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Motorola MB8600 Review: The Go-to Gigabit DOCSIS 3.1 Cable Modem

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The Motorola MB8600 is an easy choice. At some $150, it makes a gratifying upgrade for those moving from a sub-Gigabit to a Gigabit cable broadband plan.

If you're in that situation, go for it, you won't regret it.

Dong's note: I tested the Motorola SM8600 with Comcast. While the modem will work with other cable providers, the experience expressed here is that of Xfinity subscribers.

Motorola MB8600 Cable ModemMotorola MB8600 Cable Modem Multiple Ports
The backside of the Motorola MB8600 cable modem. Note the yellow tape that covers the extra LAN ports.

Motorola MB8600: A frill-free DOCSIS 3.1 modem

Out of the box, the MB8600 looks like a typical cable modem. It's a rectangle box standing on one of its sides. You'll find the power port, the coax service port, and one Gigabit network port on the back.

You can remove the yellow outer sticker to access the modem's three extra LAN ports. These ports serve the situation where you have multiple static IP addresses.

You can also use the 1st and 2nd ports to form a WAN Link-Aggregation connection. Since my Internet plan is a sub-Gigabit residential one, I decided not to try any of these extra ports.

The way cable modems go, the network port decides the top broadband speed this modem caps at 1Gbps. On the inside, though, the Motorola MB8600 features DOCSIS 3.1, capable of getting up to 6Gbps of Internet bandwidth from the provider. It can also work as a 32x8 DOCSIS 3.0 modem.

Motorola MB8600 Cable Modem
The Motorola MB8600's status lights are helpful for troubleshooting. Note the signal light, second from the bottom.

On the front, the modem has a vertical array of LED status lights. These are helpful during the setup process or when you need to check your broadband connection status.

Most of the time, these little blue and green lights are a bit too bright. If your Internet drop is in your bedroom, it's a good idea to cover them with a piece of tape.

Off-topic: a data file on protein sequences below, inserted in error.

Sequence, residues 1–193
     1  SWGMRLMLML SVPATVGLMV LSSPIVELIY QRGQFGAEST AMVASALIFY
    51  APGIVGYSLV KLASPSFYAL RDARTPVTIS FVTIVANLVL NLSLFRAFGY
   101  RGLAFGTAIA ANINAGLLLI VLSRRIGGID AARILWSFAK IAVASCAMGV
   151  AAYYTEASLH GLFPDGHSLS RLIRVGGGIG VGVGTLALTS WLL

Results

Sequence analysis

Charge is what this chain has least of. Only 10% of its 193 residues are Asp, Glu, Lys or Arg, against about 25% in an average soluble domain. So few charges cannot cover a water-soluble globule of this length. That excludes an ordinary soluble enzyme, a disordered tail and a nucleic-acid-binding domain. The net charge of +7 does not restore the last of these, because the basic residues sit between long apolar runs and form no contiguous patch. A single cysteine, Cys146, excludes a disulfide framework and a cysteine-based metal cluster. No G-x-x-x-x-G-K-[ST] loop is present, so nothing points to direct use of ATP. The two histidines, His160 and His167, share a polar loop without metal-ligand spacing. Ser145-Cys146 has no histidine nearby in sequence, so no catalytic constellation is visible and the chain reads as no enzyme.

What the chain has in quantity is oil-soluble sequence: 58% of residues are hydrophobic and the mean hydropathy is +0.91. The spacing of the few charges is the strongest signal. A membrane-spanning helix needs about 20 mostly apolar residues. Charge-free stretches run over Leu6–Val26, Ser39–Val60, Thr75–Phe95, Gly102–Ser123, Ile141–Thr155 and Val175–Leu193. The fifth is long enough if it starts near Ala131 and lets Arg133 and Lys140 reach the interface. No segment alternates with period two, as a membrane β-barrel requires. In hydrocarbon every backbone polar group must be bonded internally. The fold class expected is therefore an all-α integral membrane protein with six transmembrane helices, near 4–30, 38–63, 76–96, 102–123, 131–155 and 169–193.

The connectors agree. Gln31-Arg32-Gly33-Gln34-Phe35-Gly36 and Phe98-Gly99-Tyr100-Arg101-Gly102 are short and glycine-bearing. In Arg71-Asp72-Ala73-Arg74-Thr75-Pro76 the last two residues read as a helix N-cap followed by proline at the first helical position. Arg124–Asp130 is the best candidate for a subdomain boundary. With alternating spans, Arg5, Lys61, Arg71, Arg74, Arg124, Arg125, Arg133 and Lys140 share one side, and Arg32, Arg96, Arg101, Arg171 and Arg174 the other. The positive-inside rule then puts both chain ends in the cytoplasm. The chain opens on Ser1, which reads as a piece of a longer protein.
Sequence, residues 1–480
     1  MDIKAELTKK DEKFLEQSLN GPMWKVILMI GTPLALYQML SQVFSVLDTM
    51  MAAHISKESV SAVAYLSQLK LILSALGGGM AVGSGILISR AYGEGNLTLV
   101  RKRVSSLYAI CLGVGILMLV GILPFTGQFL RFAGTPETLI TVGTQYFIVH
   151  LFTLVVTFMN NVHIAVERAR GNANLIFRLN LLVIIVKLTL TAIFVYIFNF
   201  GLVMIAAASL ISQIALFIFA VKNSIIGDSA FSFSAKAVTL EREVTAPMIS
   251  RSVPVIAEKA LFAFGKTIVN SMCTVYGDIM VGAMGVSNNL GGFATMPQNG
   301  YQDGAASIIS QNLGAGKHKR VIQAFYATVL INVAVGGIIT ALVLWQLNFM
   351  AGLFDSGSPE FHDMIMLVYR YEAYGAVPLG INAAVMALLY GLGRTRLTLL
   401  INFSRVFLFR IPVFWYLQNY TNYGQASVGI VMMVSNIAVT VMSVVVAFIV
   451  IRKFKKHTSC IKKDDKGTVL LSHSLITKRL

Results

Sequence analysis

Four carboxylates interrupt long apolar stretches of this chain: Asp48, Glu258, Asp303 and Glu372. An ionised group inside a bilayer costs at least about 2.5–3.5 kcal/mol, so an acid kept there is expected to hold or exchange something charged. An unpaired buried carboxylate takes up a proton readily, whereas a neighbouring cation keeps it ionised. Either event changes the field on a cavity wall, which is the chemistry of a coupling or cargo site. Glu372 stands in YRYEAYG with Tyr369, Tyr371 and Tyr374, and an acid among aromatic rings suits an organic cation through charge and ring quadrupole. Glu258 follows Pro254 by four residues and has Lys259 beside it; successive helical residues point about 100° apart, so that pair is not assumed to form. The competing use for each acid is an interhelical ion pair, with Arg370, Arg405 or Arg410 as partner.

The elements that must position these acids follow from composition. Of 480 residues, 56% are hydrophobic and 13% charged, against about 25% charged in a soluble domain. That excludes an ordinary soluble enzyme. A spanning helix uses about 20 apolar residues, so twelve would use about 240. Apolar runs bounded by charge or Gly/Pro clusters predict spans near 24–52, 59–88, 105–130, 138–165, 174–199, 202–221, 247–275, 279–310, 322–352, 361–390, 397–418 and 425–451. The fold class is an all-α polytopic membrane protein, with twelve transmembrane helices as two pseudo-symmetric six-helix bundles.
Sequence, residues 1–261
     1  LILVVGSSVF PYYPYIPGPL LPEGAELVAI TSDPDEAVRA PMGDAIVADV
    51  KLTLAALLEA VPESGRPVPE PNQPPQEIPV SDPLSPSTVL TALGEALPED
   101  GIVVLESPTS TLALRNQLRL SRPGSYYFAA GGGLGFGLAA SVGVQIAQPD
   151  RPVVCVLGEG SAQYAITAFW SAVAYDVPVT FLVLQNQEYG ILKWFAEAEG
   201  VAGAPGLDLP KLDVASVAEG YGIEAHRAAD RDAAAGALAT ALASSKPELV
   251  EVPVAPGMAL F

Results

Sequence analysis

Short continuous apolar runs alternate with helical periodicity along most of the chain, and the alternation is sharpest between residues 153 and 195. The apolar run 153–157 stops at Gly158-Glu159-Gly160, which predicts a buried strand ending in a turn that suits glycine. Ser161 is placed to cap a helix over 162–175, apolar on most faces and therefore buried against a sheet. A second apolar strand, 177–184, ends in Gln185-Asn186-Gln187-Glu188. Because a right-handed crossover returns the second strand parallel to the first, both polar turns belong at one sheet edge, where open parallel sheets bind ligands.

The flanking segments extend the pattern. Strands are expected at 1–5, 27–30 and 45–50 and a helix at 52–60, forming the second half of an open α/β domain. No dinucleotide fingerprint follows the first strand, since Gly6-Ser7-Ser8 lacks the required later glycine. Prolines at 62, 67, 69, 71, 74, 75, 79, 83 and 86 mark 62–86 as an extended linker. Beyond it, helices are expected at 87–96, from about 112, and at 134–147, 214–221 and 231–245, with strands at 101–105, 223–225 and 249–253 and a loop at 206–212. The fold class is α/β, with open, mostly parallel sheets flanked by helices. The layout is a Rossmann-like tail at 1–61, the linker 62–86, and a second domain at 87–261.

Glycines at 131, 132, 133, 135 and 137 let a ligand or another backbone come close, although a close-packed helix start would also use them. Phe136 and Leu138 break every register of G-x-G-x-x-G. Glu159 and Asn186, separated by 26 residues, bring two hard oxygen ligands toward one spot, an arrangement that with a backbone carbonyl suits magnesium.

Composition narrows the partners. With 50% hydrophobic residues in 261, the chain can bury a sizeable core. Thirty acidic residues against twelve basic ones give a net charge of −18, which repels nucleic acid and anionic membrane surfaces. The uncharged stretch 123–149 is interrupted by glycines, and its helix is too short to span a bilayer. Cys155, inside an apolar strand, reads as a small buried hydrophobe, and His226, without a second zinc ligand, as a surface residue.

Simple setup process

I tried the Motorola MB8600 (via a few units) with a couple of Comcast Xfinity accounts, and the setup process was straightforward. You can find detail in this post, but here is the simple breakdown:

  1. Connect the modem securely to the service cable.
  2. Turn it on and wait for the signal light (2nd from bottom) to turn on solid green.
  3. Connect a computer to the modem's LAN to a computer. Alternatively, you can connect this port to a WAN port of a router, then connect the computer to the router (either via Wi-Fi or a network cable.)

And you're done with the hardware setup. Now it's time to activate the modem. For that, you can call the provider and give them its MAC address, located on its underside.

Or, you can do that yourself, which I did. When I launched a web browser on the said computer with an Xfinity account, I got directed to the activation page, where I entered my account information. And voila! Mission accomplished.

(By the way, restarting the router after the modem has been activated is always a good idea.)

Motorola MB8600 Cable Modem 4
The Motorola MB8600's MAC address is on its underside. (Mine was blurred on purpose.)

Most other cable Internet providers should have a similar self-activation process. But, again, when in doubt, it never hurts to give yours a call.

While generally, there are no user-accessible settings in cable modems, the SM8600 has a web interface reachable via its default IP address,

The interface shows its status, logs, WAN Link Aggregation setting, and other helpful information about the WAN connection.

Motorola SM8600: Hardware specifications

NameMotorola MB8600 DOCSIS 3.1 Cable modem
StandardDOCSIS 3.1, DOCSIS 3.0 32x8
Top WAN speed6Gbps
Ports1x 1Gbps LAN, 1x Coax
Top Internet plan supported1Gbps
WAN Link AggregationYes
ISP supportedComcast Xfinity, Cox, and others
Dimensions7.25 x 2.25 x 7.88 inches
Weight1.15 lbs
Motorola SM8600's hardware specifications

Excellent download speeds and reliability

For this review, I tested the Motorola MB8600 (via a few units) with a couple of different Xfinity accounts collectively for a couple of months.

MB8600 Modem Web UI
The Motorola MB8600 has a web user interface available at its default IP address which is

The modem proved to be fast and reliable. There was no disconnection or any other issues.

In the San Francisco Bay Area, the modem consistently delivers speeds faster than the plan for those with a sub-Gigabit connection. (Mostly likely because Comcast tends to provision the link higher than the paid speed.)

Specifically, for an account with a 400Mbps download speed, I experienced up to 460Mbps. And with a 600Mbps plan, I could get faster than 700Mbps. The upload speed was never faster than some 20Mbps, which is typical for all cable connections.